Melissa Dillmon, MD
The FDA’s approval in March of the first biosimilar drug for the US market has aroused much concern among physicians, who fear that these complex drugs will not be perfect substitutes for the branded drugs they will replace and who insist that certain standards be attached to their approval and distribution.
“There is no doubt that biosimilars will play a large role in the future treatment of our patients, and hopefully that they will fulfill their goal of bioequivalence and decreased cost,” said Hillary Hahm, MD, a medical oncologist with Northwest Georgia Oncology Centers and also a board member of the Georgia Society of Clinical Oncology (GASCO). “However, there need to be safeguards concerning the development and clinical use of each of agents, so that our patients are assured the best possible treatment from both an efficacy and safety standpoint.”
Georgia is one of at least 23 states so far whose legislatures have considered regulating the prescription, doctor and patient notification, recordkeeping, and approvals of biosimilars. GASCO has sought to block legislation in Georgia that would allow Georgia pharmacists to dispense biosimilar drugs as a substitution for brand name drugs without physicians being informed about the substitutions.
Melissa Dillmon, MD, president of GASCO and a medical oncologist at the Harbin Clinic in Rome, Georgia, is pushing for a requirement that pharmacists notify physicians and patients about potential biosimilar substitutions. “The patient has to know they are not getting the same thing, and the physician has to be notified,” said Dillmon, adding that the US has no track record on researching the safety and efficacy of biosimilars.
Biosimilars—complex molecule drugs that are administered intravenously—have been marketed in Europe since 2007, and they are now entering the US via a pathway established by The Biologics Price Competition and Innovation Act of 2009, as part of the Affordable Care Act.1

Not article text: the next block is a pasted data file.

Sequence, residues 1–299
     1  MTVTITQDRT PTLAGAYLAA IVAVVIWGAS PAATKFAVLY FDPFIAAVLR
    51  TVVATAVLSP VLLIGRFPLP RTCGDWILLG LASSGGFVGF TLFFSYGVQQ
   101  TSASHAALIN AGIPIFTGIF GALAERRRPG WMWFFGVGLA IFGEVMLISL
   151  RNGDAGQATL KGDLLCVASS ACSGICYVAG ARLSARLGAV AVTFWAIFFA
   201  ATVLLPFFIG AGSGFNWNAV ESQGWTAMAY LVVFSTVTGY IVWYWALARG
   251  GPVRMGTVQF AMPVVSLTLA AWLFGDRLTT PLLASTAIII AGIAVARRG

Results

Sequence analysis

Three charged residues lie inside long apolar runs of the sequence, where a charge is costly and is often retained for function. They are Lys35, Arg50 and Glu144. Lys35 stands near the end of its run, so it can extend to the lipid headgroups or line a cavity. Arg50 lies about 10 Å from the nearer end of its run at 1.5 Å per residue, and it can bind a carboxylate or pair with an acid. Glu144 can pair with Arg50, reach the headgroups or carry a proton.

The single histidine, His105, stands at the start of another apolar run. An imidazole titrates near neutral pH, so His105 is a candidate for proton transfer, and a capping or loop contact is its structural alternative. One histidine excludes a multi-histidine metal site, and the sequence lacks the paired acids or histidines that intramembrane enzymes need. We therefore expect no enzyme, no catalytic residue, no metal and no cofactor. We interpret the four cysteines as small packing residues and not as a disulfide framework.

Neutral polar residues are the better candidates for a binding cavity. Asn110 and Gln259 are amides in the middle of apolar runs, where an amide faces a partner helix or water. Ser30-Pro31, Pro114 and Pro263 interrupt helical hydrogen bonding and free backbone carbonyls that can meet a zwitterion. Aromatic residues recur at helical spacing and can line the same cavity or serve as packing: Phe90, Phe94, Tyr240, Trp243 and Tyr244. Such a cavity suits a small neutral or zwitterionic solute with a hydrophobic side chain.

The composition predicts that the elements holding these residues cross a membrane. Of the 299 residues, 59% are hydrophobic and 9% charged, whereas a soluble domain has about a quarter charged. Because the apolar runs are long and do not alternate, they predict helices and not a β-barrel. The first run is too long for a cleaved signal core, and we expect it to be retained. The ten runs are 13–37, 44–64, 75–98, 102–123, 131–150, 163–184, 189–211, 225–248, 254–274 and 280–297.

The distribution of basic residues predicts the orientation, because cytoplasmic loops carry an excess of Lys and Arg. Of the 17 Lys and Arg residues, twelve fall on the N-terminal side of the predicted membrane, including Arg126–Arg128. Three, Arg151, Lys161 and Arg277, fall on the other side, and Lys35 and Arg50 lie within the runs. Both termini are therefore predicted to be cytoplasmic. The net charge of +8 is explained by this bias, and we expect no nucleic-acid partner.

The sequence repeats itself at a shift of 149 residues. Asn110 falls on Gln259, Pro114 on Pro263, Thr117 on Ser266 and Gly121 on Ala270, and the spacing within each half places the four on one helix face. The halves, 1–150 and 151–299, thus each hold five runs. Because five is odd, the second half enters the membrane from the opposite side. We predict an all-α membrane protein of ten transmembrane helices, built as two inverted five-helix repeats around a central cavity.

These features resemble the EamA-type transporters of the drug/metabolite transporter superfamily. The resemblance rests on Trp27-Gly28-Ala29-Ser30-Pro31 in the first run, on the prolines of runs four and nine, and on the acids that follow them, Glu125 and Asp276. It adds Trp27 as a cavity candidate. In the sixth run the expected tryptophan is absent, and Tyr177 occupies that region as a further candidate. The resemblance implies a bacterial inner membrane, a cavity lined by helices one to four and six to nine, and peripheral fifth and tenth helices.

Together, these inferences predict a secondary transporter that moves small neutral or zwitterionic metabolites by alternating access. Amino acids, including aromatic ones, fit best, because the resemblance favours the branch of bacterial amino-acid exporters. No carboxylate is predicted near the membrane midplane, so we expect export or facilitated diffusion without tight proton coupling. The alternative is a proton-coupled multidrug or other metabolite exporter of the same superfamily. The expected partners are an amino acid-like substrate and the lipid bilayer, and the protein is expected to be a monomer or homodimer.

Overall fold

The first FDA-approved biosimilar is Zarxio (filgrastim-sndz), a Sandoz drug that can boost white blood cell counts for cancer patients whose immune systems have been weakened by chemotherapy. The drug would compete with Amgen’s Neupogen, whose patent expired in December 2013.
There are legal obstacles to overcome before Zarxio is offered for sale. Amgen has challenged the sale of the drug, saying it was not given sufficient notice by Sandoz that the company was about to launch a biosimilar that would compete with Neupogen. In late March, a federal judge in San Francisco dismissed Amgen's claims, which led to an appeal in the US Court of Appeals for the Federal Circuit in Washington. This decision, which was handed down on May 5, blocked Zarxio from entering the market until oral arguments could be heard. The next court date is scheduled for June 3, 2015.
In granting approval, the FDA stated that Zarxio would not be regarded as “interchangeable” with Neupogen, despite its close similarity and “biosimilar” status.2
This means it cannot be substituted for Neupogen without the involvement of the prescribing physician. Much of the controversy surrounding biosimilars has to do with the variability of the manufacturing process of these large molecule drugs, which vary slightly from one batch to another in the same factory and also among batches produced by brand name manufacturers.
Many more biosimilars from Sandoz are on the way. Those that are undergoing or have completed clinical trials and are in line for FDA consideration include pegfilgrastim (comparable to Amgen’s Neulasta) for chemotherapy-induced febrile neutropenia; rituximab (comparable to Rituxan/MabThera) for patients with rheumatoid arthritis and follicular lymphoma; epoetin alfa (comparable to Johnson & Johnson’s Procrit and Eprex) for patients with anemia associated with chronic kidney disease; etanercept (comparable to Amgen’s Enbrel) for patients with plaque psoriasis; and adalimumab (comparable to AbbVie’s Humira) for patients with plaque psoriasis, according to Sandoz.An Ongoing Review of Pharmacy Laws
In contrast to generics, biosimilars aren’t perfect copies of brand name drugs, and as a result “all 50 states either have or will be reviewing their pharmacy laws about how to offer substitution,” predicts Mark Fleury, the policy principal of emerging sciences for the American Cancer Society Cancer Action Network (ACS CAN), a Washington, DC, group that advocates on behalf of patients. “Because all the existing laws are written for small molecules, not biosimilars, you can’t just apply the same law. The drugs are highly similar but may not be exactly the same. It boils down to the issues of consent and notification and what is considered interchangeable, and each state has to figure out how they want to handle it,” Fleury said.